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Proverbs 24b – Laziness Revisited

We’ve seen a lot of laziness in Proverbs.  That is to say, Proverbs has a lot of verses about the benefits of hard work and the dangers of slothfulness.  There’s an interesting parallel about laziness found in the fourth “Bonus Saying” in Proverbs 24:30-34 (all verses in ESV):

            24:30 I passed by the field of a sluggard,

                        by the vineyard of a man lacking sense,

            31 and behold, it was all overgrown with thorns;

                        the ground was covered with nettles,

                        and its stone wall was broken down.

            32 Then I saw and considered it;

                        I looked and received instruction.

            This passage gives a little story (a “vignette”) about the narrator passing by a lazy man’s field and noticing how the property appears in disrepair.  He stops and considers what he’s seeing (vs 32a) and is said to “receive instruction” (32b).  Then, we hear verses 33-34:

            33 A little sleep, a little slumber,

                        a little folding of the hands to rest,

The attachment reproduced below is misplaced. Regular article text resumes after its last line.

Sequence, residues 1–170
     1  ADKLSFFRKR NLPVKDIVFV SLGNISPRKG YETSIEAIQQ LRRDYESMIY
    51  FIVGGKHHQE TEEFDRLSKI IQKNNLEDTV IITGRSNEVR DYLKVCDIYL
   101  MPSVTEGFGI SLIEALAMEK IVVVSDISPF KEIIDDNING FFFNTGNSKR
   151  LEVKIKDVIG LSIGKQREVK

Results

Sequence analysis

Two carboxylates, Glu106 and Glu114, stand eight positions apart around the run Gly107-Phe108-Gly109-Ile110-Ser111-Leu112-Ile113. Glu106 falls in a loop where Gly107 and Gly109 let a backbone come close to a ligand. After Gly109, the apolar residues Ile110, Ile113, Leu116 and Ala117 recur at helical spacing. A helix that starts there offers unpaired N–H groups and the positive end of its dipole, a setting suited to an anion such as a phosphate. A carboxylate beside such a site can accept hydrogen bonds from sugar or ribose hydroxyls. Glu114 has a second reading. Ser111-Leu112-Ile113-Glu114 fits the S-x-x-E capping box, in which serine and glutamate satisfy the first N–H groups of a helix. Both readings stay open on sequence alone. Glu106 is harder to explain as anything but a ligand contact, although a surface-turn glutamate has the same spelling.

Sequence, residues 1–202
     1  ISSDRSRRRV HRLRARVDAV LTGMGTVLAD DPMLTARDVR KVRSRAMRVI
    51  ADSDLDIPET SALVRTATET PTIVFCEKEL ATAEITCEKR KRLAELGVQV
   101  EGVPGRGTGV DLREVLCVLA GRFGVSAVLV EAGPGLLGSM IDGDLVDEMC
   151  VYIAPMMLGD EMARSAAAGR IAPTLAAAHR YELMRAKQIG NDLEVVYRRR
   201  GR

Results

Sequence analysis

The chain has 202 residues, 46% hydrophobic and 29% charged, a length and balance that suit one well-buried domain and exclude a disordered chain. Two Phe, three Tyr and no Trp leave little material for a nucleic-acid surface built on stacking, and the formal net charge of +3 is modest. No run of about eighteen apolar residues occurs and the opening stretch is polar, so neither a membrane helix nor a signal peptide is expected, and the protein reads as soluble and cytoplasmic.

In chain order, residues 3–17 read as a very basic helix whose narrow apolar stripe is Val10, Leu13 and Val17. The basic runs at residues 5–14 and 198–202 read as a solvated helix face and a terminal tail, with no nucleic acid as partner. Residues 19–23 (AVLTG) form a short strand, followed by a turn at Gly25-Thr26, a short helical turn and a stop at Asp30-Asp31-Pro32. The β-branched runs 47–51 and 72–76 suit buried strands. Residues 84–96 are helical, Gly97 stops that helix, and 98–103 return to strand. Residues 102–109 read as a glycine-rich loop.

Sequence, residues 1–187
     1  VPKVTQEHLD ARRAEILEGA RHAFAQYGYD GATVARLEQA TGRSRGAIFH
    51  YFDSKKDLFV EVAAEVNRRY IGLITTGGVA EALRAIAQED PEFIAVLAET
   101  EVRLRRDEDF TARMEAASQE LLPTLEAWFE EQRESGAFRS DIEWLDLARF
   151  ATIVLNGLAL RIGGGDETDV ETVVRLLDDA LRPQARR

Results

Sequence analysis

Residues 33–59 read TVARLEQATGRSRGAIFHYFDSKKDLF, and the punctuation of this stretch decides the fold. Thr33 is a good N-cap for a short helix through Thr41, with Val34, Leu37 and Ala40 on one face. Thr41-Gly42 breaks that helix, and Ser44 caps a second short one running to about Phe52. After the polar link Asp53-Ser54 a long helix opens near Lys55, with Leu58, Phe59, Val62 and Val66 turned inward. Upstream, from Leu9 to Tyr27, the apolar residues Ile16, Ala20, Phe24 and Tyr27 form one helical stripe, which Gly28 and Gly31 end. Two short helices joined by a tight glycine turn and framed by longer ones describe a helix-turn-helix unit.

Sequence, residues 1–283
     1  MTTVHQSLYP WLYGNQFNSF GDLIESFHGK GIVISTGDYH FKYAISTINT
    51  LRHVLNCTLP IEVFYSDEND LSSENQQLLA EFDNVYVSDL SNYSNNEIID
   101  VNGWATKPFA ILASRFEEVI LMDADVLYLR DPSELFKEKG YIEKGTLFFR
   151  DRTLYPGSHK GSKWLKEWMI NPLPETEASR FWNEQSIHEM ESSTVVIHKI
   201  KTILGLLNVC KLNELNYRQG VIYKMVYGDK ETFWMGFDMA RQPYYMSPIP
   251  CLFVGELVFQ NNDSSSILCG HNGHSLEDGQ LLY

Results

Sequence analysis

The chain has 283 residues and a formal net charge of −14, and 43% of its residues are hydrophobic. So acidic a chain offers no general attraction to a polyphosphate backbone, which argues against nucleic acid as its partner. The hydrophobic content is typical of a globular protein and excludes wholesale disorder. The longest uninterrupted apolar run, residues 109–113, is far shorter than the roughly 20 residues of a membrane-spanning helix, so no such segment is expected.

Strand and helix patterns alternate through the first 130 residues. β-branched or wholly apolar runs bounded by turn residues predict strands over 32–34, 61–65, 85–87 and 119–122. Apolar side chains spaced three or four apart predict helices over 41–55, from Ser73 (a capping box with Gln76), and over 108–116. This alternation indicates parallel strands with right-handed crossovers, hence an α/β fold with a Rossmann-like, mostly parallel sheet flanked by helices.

34 and poverty will come upon you like a robber,

                        and want like an armed man.

            Does this sound familiar?  If you remember way back to Proverbs 6, we saw those exact same words in the Prologue section of Proverbs:

            6:10 A little sleep, a little slumber,

                        a little folding of the hands to rest,

            11 and poverty will come upon you like a robber,

                        and want like an armed man.

            It appears that Solomon (assuming he’s the narrator in both chapter 24 and chapter 6) stops and considers this lazy man’s property, thinks about it, and then applies the proverb in chapter 6 to this situation.

            To put it another way, Solomon is giving an illustration of what 6:10-11 looks like with the vignette in 24:30-34.  It’s an interesting method of Scripture reusing Scripture, even within the same book.                   Next time you see your neighbor’s weeds growing a little too high (or your own weeds, for that matter!), think of this proverb.

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